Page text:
5. #20
    Senior Member Andyland's Avatar
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    It does sound stressful. I can't even imagine the level of trust I would have to have in order to leave a 3 or 4 month old with a stranger in order to go back to work. Obviously a stay-at-home spouse or grandparent would alleviate that. I'm pretty grateful that one of the perks of being gay is that you can't really accidentally create human life

  6. #21
    Administrator Ryan's Avatar
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    My cousin's fiancée has decided after three and a half years of college that she doesn't plan to actually use her degree. The conversation went something like this:

    Fiancée: "I'm really just finishing school because I've only got a semester left. I'm not even going to look for a job."
    Me: "Why?"
    Fiancée: "Once we get married, I'm planning to just raise and home-school our kids."
    Me: "But you've spent so much time and money on college. You're not even going to work for a year or two just until you get on your feet, just to see how that works?"
    Fiancée: "No, [cousin]'s going to get a job so I can stay home."

    lkjasldkjasd. The reason this infuriates me is because she was awarded a scholarship that paid for four years of a very expensive, very well-known school here. My scholarship only lasted two years and then I quit school because I didn't have any money. Some other person, one who wanted to go to school and get a degree, could have used that money that she's basically thrown away. I mean, she didn't throw it away if she got a degree and there's always a chance she'll use it one day, but what if she doesn't? I just don't get it.

    /rant

  7. #22
    she said destroy Lágnætti's Avatar
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    It's hard for me to fathom a woman still thinking like that in 2014. I'm guessing she went straight from high school to college and is barely into her twenties?

  8. #23
    Administrator Ryan's Avatar
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    Yes, she's 23.

  9. #24
    she said destroy Lágnætti's Avatar
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    Is it some sort of local, foolish cultural norm or is there some sort of noxiously conservative religious influence (I did see the word 'homeschooling' there) at work? Or is it perhaps a retreat from the scary adult world of finding a job and all that jazz?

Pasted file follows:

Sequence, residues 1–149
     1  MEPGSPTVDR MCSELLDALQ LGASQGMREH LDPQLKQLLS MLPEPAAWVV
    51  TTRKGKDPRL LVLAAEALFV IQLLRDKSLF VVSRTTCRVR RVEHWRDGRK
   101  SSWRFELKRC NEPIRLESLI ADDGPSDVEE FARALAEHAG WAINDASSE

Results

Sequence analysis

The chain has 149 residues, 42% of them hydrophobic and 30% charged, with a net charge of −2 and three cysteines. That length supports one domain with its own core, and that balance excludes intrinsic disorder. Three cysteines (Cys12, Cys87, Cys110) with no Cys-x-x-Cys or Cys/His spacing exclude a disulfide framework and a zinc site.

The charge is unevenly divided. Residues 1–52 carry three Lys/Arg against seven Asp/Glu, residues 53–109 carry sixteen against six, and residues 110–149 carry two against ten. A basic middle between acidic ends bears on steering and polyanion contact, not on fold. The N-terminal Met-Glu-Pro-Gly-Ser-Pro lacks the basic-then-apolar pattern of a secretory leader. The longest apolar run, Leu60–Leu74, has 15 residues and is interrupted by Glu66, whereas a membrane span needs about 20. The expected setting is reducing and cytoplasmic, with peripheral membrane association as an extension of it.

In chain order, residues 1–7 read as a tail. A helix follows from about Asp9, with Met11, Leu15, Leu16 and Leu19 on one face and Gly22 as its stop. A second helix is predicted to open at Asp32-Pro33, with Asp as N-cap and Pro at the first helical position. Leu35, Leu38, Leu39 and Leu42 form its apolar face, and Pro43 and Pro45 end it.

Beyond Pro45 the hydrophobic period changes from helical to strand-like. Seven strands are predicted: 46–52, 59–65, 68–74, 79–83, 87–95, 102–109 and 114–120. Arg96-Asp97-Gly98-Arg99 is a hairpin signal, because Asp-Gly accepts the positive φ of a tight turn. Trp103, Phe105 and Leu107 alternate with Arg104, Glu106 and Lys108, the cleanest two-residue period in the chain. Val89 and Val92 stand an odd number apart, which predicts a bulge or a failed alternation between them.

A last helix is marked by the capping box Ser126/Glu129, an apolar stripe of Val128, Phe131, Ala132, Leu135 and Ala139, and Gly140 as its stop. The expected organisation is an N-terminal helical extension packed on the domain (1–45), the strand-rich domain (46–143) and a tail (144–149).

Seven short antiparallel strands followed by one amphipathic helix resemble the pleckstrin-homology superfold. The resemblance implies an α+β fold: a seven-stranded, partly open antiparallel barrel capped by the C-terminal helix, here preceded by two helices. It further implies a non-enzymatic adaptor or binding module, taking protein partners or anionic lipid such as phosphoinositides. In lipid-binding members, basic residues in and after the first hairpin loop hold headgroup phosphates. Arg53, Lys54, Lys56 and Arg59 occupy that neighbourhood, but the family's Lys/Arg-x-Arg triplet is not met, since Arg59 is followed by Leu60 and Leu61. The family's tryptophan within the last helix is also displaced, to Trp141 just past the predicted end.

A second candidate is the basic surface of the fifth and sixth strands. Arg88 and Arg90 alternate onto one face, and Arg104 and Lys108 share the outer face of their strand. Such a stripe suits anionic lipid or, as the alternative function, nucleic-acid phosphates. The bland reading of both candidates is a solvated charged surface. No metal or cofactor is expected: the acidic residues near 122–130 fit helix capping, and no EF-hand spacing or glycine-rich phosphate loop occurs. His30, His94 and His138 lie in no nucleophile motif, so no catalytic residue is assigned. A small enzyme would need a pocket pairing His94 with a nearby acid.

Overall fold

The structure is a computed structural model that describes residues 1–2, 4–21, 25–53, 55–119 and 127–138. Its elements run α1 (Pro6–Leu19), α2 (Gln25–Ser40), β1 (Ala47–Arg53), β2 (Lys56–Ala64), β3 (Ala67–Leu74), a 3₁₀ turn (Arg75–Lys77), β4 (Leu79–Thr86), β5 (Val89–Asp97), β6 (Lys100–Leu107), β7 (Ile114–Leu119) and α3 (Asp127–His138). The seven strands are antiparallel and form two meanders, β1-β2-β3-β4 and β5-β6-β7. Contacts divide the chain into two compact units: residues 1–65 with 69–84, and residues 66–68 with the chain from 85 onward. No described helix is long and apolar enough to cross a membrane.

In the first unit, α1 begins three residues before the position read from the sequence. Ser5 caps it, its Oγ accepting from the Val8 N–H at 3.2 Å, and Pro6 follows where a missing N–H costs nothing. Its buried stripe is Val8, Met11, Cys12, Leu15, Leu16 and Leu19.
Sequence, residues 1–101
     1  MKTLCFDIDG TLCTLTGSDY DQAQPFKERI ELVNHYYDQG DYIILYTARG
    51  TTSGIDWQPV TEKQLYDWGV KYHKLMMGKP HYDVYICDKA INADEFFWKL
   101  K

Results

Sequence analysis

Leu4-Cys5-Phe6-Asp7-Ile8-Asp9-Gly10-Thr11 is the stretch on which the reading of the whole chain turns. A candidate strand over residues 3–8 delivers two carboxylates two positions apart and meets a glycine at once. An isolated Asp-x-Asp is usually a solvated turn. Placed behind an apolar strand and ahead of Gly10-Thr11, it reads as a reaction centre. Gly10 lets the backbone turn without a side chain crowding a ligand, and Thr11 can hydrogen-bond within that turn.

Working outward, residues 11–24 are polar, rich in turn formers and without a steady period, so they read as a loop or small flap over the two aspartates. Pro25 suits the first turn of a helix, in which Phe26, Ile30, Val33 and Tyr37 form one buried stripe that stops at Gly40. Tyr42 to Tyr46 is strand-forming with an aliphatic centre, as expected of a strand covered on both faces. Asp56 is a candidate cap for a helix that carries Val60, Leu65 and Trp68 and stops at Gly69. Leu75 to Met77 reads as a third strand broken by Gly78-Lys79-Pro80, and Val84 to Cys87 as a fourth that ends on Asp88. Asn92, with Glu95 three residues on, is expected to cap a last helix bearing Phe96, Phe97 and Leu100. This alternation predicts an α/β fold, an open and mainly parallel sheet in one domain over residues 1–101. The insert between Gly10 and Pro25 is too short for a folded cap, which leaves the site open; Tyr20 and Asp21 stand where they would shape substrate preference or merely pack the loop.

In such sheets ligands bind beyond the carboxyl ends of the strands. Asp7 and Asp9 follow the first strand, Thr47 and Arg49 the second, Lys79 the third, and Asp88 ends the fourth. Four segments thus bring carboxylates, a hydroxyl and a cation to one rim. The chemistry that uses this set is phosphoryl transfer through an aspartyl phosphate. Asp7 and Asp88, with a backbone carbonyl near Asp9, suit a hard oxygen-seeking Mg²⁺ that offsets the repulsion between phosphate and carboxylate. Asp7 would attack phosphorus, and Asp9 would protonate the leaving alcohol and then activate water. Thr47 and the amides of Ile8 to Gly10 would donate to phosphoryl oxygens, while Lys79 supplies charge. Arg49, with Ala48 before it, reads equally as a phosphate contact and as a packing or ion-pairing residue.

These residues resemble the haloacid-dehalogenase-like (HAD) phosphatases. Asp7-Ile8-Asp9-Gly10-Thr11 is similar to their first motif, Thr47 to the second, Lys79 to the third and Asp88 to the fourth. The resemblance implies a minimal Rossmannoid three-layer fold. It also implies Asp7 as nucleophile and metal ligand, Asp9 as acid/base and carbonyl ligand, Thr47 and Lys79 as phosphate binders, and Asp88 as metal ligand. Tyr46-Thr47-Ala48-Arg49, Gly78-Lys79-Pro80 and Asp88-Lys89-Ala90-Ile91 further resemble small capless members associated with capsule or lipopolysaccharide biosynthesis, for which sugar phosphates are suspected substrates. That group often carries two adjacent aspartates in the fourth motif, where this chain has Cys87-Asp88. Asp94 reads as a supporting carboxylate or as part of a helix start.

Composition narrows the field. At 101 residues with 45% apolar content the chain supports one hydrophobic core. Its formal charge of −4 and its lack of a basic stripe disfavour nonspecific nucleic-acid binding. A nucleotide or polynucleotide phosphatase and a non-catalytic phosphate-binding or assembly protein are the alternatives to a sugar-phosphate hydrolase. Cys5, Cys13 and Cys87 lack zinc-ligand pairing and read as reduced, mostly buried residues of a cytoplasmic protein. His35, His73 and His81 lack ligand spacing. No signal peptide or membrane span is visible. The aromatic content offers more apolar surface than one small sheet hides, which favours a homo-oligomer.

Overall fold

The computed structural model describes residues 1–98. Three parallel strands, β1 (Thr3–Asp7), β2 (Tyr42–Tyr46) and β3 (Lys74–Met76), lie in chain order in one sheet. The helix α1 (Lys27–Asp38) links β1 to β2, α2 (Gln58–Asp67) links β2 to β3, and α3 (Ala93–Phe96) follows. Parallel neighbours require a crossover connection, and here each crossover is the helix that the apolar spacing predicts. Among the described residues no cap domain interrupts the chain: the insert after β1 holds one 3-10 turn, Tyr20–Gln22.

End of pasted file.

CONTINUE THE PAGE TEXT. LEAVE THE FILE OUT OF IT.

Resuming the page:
I just cannot wrap my head around someone that age with an education just flopping down to marry, pump out kids and giving up all the great opportunities of their youth and any hope of the most basic financial independence that way. She'll turn around in ten years and it doesn't matter what degree she's got if she's never used it or established a work or credit history when her peers have gone on to the world of work. And god forbid if the marriage ends and she's stuck with the kids never having worked in her life and basically clueless about anything outside school and the nursery. I mean, choose your big old choice and all that, but it doesn't mean some choices aren't inherently self-defeating or financially damaging in the long run.

    /preaching to choir

  10. #25
    A Matter Of How You See It Kala's Avatar
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    since i reached adulthood i have NEVER been financially dependent on another person. i think it's the kiss of death. sure, there are couples where one person is dependent on the other to maintain their lifestyle and it works. but there are far too many relationships out there where it can become disastrous. as helen points out, what if they divorce and she has no work experience. unless the cousin is earning megabucks and the wife hires an aggressive attorney and gets a huge settlement for raising the kids so husband could be away building his career, that degree will mean shit all when she's competing against others who have been out in the world focusing on enhancing their workplace skills and establishing themselves as viable employees.

  11. #26
    it's a long long climb Kari's Avatar
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    Although i got married young (I was almost 24), I was ADAMANT about finding a way to make my own money. We have separate bank accounts. I cannot imagine putting all of my financial future in one person. Cannot. You never know what is going to happen in this life. Having marketable skills just seems like a basic survival thing. I know that if (god forbid) anything were to happen to my husband, or if we separated for any reason, I know I could support myself.

  12. #27
    Senior Member Andyland's Avatar
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    Thought of this thread when I saw this cover and the backlash to the choice of headline.




    http://www.thenation.com/blog/178375...aws-criticism#